flag image

Is Your Child's Backpack Safe?

Starting a Babysitting Co-op
School Volunteering 101
Wrestling The Octopus
Home Alone
Greenwood Author Creates Supplemental Education Strategy to Help Children Succeed
Junior Achievement
A Parent’s Guide to Online Homework Help
A Woman Dedicated to the Importance of Reading
Legacy of Life
Backpacks are part of the school uniform for more than 40 million children in this country, but too many are carrying too much weight, says Karen Jacobs, national spokesperson of American Occupational Therapy Association (AOTA).

Because of potential injuries to children's muscles and joints, as well as posture problems, the American Academy of Pediatrics labeled the backpack issue a hot topic during the past school year, and it continues to be in the news. National School Backpack Awareness Day, sponsored by AOTA, is Wednesday, September 24, which may be a good time to encourage your child's school to get involved in educating students about safe practices.

California and New Jersey each passed legislation last session intended to ease the problem of children carrying heavy loads home from school. Additionally, a recent study conducted at the University of Michigan made news when it declared that there was no connection between backpacks and back pain. It's no wonder parents are confused about backpack purchases and use.

The Consumer Product and Safety Commission estimates that more than 7,000 emergency room visits in 2001 resulted from injuries related to backpacks and book bags, half of these occurring in children 5 to 14 years old. In addition to overloaded packs causing skeletal pain, tripping over the pack also caused numerous foot/ankle or wrist/ elbow injuries.

Fifty-five percent of children in a 2001 American Physical Therapy Association study led by Shelley Goodgold at the University of Florida carried backpack loads heavier than the recommended maximum 15 percent of body weight. One-third of these children reported back pain severe enough to warrant medical attention or limit activities. Even more dismaying is the recurrent nature of these problems.

While Dr. Andrew Haig, associate professor of Physical Medicine and Rehabilitation of Surgery at University of Michigan tells parents not to panic about the packs children choose and use, he reminds them to listen to their children and respond to complaints of pain. Backpacks themselves may not be inherently dangerous, but carrying one improperly or one that is too heavy does raise concern. Proper backpack selection is still an important health issue for children.

Parental awareness can be an important factor in preventing long- or short-term consequences of shouldering heavy loads. Manufacturers are developing safer products. Look for styles that have lightweight padding on the straps. Encourage your child to use both shoulder straps to reduce pressure and allow free movement. Bearing all the weight on one shoulder can lead to muscle spasms or even misalignment of the spine. Chest and hip straps also help balance weight over the body better. Adjust straps so the pack rests about two inches above the waist. Some models come with compression straps to stabilize articles inside and keep them close to the back.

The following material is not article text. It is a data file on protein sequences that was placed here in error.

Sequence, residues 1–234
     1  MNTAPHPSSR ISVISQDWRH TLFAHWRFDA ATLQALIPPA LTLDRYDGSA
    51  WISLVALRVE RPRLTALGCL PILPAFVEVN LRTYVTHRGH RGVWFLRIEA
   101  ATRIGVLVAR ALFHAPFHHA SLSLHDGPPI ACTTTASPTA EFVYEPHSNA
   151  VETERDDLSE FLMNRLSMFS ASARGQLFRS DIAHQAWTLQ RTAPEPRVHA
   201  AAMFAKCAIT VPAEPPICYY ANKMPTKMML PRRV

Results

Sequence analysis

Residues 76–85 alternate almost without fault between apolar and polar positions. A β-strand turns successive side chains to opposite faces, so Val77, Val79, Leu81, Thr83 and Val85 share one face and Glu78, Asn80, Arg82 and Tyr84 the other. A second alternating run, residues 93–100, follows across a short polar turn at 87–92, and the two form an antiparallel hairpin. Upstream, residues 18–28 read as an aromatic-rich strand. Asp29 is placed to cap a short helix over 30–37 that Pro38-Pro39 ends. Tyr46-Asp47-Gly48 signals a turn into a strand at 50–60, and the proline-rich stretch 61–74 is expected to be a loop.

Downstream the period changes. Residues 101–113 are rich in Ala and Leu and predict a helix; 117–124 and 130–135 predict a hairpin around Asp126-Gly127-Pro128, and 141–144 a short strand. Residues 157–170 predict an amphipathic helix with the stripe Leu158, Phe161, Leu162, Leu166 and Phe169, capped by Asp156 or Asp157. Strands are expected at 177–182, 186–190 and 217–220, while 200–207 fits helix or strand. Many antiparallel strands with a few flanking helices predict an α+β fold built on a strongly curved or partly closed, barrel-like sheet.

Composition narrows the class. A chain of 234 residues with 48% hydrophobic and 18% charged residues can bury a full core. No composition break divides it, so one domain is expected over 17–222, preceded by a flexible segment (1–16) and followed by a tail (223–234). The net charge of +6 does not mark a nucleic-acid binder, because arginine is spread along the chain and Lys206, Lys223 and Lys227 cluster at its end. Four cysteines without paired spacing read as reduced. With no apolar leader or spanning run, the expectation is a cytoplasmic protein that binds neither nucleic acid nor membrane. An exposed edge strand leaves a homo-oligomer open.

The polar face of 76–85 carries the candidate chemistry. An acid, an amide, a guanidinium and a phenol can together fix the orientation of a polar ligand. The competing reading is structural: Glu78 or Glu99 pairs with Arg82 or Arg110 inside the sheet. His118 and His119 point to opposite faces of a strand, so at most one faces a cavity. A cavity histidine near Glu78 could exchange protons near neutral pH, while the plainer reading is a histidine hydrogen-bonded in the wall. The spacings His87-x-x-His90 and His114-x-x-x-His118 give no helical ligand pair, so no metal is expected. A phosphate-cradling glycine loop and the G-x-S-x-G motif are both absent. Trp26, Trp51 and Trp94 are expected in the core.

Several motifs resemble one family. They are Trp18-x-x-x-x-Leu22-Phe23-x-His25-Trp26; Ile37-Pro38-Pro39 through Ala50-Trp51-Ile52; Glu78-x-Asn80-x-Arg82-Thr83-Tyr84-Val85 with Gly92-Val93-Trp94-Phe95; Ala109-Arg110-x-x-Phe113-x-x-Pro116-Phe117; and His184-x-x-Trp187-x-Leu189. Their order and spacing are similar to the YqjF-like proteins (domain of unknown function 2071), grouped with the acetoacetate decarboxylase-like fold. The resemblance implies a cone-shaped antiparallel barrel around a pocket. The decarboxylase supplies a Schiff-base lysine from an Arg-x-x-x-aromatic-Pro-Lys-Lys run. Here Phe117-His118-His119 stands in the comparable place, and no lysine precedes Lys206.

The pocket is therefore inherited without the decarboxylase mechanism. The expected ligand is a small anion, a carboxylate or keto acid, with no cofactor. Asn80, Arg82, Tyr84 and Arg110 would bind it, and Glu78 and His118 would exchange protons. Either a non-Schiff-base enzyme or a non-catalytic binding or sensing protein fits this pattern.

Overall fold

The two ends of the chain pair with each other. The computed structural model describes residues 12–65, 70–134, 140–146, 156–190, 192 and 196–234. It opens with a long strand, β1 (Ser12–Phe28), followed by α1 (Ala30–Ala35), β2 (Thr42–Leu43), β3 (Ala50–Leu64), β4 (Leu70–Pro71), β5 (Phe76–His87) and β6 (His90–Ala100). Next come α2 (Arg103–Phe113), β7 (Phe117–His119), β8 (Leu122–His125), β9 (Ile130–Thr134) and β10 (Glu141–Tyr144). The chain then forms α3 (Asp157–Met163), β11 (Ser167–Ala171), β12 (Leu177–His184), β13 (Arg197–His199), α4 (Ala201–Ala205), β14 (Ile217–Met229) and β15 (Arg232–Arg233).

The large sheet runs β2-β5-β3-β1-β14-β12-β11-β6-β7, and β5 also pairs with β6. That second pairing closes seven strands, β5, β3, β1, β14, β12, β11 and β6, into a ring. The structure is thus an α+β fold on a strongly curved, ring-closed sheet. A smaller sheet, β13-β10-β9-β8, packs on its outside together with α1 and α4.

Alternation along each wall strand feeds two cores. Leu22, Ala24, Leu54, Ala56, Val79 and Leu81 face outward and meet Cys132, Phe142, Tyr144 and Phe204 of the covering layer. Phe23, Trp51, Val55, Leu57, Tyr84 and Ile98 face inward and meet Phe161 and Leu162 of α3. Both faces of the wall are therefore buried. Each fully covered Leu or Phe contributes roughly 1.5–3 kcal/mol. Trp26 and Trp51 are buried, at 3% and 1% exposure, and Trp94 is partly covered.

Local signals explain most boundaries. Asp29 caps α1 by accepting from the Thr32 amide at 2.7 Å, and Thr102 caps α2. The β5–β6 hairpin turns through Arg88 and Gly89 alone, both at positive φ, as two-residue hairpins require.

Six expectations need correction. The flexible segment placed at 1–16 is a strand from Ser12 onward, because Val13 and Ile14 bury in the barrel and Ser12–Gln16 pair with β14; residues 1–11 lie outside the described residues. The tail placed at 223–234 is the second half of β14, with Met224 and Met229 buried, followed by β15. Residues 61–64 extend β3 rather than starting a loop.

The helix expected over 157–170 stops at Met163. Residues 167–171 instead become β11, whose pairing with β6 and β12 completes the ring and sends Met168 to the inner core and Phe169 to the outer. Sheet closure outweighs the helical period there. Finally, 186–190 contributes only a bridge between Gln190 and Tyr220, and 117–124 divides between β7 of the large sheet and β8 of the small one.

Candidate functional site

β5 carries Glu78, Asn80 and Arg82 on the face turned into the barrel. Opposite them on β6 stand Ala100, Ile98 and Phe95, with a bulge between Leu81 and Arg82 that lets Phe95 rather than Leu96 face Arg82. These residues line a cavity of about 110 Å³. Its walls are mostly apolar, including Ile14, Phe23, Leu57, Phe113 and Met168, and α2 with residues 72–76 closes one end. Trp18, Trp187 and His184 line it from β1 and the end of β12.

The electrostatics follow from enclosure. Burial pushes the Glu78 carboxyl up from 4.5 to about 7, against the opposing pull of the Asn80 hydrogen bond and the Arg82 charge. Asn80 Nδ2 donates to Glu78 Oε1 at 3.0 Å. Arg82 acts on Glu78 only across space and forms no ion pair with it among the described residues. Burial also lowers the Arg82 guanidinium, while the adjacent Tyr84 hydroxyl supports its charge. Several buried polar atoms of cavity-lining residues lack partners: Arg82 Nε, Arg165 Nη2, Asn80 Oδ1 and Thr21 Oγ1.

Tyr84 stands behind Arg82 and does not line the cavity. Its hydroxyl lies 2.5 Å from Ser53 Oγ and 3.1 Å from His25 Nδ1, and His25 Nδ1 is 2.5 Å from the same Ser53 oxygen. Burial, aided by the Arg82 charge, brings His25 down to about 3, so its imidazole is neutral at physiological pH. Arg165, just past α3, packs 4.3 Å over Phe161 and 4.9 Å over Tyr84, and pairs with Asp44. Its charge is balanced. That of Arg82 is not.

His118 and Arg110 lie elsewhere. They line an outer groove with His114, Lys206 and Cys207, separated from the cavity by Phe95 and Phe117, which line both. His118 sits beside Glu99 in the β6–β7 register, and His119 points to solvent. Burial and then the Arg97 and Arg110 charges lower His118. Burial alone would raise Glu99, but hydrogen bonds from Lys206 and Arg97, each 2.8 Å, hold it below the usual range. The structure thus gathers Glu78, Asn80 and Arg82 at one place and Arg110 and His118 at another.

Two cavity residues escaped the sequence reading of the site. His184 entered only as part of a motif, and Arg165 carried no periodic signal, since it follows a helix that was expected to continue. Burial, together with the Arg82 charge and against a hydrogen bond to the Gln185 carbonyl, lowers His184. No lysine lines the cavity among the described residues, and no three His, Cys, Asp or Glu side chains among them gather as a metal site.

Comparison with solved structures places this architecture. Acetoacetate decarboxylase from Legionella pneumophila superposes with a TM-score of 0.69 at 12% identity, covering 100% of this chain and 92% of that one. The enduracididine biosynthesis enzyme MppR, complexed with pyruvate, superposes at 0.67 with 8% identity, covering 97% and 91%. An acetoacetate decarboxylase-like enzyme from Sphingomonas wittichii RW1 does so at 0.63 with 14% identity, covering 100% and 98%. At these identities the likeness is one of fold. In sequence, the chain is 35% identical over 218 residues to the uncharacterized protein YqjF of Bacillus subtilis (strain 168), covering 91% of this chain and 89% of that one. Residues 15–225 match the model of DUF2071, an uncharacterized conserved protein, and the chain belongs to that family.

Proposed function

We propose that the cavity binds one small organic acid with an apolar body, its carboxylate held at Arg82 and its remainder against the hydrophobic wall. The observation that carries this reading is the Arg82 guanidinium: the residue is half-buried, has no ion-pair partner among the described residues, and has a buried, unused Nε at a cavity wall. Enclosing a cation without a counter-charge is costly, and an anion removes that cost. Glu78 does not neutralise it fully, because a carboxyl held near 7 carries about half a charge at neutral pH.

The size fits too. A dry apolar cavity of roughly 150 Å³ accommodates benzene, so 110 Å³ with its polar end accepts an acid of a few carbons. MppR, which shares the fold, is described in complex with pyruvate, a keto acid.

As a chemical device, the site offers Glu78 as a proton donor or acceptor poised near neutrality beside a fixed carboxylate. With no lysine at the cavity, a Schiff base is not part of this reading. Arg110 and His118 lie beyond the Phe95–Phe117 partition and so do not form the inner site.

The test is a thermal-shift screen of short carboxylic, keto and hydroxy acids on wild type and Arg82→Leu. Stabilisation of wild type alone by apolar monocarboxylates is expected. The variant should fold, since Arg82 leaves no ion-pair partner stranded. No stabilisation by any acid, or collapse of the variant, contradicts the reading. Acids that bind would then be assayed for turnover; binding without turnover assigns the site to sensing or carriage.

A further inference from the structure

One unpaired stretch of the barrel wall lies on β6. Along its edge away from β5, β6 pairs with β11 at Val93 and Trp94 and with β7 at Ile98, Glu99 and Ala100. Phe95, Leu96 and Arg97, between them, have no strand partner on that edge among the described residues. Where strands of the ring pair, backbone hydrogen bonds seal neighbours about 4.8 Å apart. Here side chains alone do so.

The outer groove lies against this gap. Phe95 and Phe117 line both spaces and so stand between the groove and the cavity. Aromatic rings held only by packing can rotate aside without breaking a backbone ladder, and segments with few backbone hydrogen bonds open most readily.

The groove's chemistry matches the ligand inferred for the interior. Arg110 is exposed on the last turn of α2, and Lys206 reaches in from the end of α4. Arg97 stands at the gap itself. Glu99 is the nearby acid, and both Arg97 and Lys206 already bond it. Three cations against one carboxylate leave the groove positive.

Compartments help to distribute the contents and thus weight. AOTA has collaborated with a well-known retailer to provide hangtags giving correct usage of backpacks.

Wheeled backpacks are a good idea, if your child's school allows them (difficult to use on stairs and in narrow hallways), as long as children don't pick them up and try to carry them on their backs.

Your child may be stressed by improper backpack usage if he struggles while putting the pack on or taking it off or has red marks from the pack on his body. Slumped posture or the head leaning forward is another sign that the pack is too heavy. Any pain, numbness or tingling also signals trouble. Arms, fingers, neck, shoulders, back or knees may be affected. In more serious case, spinal injuries may result or be aggravated by improper backpack use. Children who spend many hours watching television or sitting in front of a computer (and even some athletic types) may not have the core strength needed to support the weight they want to carry.

Parents should monitor the pack for unnecessary items. For many children, the backpack has become their life support system, says Jacobs. Crammed in with the books and pencils are stuffed toys, CD players, tennis shoes, cell phones, bottled water and even laptop computers. Encourage your child to leave the excess at home. Educate him to understand the problems associated with lugging too much weight.

Many parents are now working with schools on alternate ways of providing course information. Perhaps the teacher can photocopy homework assignments or provide duplicate textbooks for home use. Online study guides and assignment sheets help parents monitor due dates for student work, so the child won't need to bring all textbooks home every day.

When shopping for a backpack, select a style appropriate for your child's weight and size. Smaller children need smaller packs, which limits items that will fit inside. If possible, have the child try the pack on loaded as it will be for school.

Take the time and responsibility to go through the bag every day with younger children—you might even find an important note from the teacher scrunched among the worksheets. Be vigilant, even with older kids and teens, to keep them compliant with safe practices.

Comments ()
Race for a Cure
Childrens museum
St. Francis